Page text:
There’s something wrong with Jesse Crain.
I know it’s hard to believe given his 9-1 record, 2.49 ERA, and .211 opponent’s batting average this season, not to mention his 3-0 record, 2.00 ERA, and .179 opponent’s batting average last season. And trust me, the only reason I haven’t written about this until now is that he’s been doing so damn well. Still, there’s something wrong with Jesse Crain.
After going 4-0 with 10 saves and a 0.00 ERA in 35 innings as the University of Houston’s closer, the Twins took Crain in the second round of the 2002 draft. Unfortunately for Crain, that was right before teams started drafting college closers (Huston Street, Chad Cordero, Ryan Wagner) and rushing them to the majors. In fact, the very next year the Reds drafted Wagner, who replaced Crain as University of Houston’s closer, in the first round and he was in a big-league bullpen within months. Having arrived a year too early for the party, Crain instead began his career like any other draftee would, in rookie-ball.
He posted a 0.57 ERA in 15.2 innings there after signing and then moved up to finish the year at low Single-A, where he had a 1.50 ERA in 12 innings. Crain split the 2003 season between three levels, starting at high Single-A, advancing to Double-A in the middle of the year, and finishing up a step from the big leagues at Triple-A. Combined between the three stops, he had a 1.84 ERA in 84 innings, holding opponents to a .160 batting average and establishing himself as one of the better pitching prospects in baseball (Crain ranked 34th on my top 50 prospects list).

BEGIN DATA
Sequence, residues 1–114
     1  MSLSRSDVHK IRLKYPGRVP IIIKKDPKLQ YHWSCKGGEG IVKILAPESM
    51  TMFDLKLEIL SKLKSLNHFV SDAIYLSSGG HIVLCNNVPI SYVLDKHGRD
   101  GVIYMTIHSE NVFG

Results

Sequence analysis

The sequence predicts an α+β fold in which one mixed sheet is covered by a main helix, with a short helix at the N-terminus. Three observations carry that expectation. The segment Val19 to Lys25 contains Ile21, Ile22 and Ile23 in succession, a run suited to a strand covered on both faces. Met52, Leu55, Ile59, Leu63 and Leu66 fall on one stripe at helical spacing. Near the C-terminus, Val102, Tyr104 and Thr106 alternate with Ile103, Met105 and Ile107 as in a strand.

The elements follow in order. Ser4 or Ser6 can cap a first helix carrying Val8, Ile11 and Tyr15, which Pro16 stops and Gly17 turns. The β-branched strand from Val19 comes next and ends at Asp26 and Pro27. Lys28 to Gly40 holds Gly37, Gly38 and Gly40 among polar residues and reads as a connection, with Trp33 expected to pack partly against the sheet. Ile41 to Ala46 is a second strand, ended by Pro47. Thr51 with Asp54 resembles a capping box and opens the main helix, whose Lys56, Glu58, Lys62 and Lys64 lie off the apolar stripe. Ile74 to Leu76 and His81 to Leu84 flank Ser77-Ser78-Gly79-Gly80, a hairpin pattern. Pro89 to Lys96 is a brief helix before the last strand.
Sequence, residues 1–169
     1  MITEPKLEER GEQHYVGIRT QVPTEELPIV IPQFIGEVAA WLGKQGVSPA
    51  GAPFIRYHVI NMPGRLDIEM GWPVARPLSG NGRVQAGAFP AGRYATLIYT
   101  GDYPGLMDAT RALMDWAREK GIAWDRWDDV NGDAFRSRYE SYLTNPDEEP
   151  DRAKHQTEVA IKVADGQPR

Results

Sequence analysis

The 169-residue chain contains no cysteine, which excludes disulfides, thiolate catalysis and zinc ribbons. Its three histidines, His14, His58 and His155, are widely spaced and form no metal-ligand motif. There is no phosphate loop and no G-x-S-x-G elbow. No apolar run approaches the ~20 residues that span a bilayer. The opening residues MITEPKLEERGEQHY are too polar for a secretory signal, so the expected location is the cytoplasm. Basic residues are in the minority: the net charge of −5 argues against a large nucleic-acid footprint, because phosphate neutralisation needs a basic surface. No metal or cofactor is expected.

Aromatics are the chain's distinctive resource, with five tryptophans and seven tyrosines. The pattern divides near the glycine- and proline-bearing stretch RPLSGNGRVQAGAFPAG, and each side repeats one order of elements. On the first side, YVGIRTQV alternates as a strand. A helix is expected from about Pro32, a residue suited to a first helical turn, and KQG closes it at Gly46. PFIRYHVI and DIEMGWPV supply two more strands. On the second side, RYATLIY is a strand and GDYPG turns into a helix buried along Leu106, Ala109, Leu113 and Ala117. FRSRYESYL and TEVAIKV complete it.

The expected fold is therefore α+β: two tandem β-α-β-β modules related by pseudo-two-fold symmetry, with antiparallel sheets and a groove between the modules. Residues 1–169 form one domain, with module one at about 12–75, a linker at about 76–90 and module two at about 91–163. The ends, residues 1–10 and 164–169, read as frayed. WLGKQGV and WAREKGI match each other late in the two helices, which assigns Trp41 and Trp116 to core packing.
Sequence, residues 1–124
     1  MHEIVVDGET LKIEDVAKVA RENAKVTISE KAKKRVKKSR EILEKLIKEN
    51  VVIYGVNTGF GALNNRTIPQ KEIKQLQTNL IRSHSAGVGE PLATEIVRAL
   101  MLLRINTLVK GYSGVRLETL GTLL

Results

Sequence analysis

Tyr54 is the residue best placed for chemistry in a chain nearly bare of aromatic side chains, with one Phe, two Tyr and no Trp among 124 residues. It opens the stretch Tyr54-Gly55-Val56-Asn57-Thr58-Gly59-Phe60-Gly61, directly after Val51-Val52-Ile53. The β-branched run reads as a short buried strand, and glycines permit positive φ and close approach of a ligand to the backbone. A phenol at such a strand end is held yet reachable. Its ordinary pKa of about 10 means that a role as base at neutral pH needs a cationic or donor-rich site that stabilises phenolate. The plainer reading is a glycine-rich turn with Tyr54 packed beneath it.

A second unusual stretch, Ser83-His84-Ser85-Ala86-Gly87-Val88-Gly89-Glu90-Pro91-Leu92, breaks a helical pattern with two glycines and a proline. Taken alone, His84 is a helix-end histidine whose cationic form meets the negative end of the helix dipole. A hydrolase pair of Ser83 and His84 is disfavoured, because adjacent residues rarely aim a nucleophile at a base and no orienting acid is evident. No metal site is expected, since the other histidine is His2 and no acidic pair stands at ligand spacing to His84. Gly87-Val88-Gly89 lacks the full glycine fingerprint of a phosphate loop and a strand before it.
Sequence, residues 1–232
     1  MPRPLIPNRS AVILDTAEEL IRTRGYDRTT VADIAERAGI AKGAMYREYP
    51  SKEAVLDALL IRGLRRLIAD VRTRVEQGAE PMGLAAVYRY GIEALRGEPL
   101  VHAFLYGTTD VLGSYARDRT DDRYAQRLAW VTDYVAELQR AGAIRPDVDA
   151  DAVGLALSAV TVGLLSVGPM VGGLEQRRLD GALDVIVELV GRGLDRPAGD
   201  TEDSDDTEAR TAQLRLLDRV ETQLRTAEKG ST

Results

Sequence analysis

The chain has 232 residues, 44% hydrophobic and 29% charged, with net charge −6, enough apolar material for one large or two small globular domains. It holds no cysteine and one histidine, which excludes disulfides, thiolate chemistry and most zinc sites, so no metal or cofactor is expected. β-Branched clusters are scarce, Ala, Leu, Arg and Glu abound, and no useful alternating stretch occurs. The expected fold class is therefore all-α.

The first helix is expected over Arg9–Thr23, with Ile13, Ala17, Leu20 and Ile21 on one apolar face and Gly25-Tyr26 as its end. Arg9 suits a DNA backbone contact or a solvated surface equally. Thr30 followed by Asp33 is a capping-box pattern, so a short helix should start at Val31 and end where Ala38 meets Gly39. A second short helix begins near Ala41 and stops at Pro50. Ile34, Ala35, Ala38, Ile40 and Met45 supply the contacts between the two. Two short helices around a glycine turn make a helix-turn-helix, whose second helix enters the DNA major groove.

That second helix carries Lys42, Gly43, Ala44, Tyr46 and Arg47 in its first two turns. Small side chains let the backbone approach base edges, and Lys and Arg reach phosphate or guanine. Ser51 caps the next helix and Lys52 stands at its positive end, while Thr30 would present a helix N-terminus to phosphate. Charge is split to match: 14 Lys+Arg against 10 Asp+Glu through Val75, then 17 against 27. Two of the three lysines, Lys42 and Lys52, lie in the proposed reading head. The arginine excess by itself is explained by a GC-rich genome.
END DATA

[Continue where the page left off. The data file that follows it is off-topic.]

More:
There was some talk about Crain making the Twins out of spring training last season, but he instead began the year back at Triple-A and once again dominated. With 19 saves and a 2.49 ERA in 50.2 innings, Crain successfully convinced the Twins he was done proving himself in the minors. They called him up in early August and he quickly became a crucial part of the bullpen, pitching extremely well down the stretch while appearing in 22 games spread over just two months.
His 2004 performance was enough for me to rank Crain the 34th-best prospect in baseball for 2005, while saying “I expect him to be one of the better middle relievers in the American League this season.” Crain has been exactly that, starting the year 8-0 (and his career 11-0) before finally losing a game, and compiling a 2.49 ERA while pitching in an extremely high-leverage role for the Twins. He ranks fifth among AL middle relievers (or non-closers) in Win Shares, behind only Scot Shields, Cliff Politte, Justin Duchscherer, and Mike Timlin.
Since the moment he was drafted, Crain has been tagged with the “Closer of the Future” label in Minnesota. And while his ERA, won-loss record, and opponent’s batting average in parts of two seasons with the Twins certainly suggest he has closer written all over him, there is something very concerning about his pitching. Basically, he has forgotten how to strike hitters out.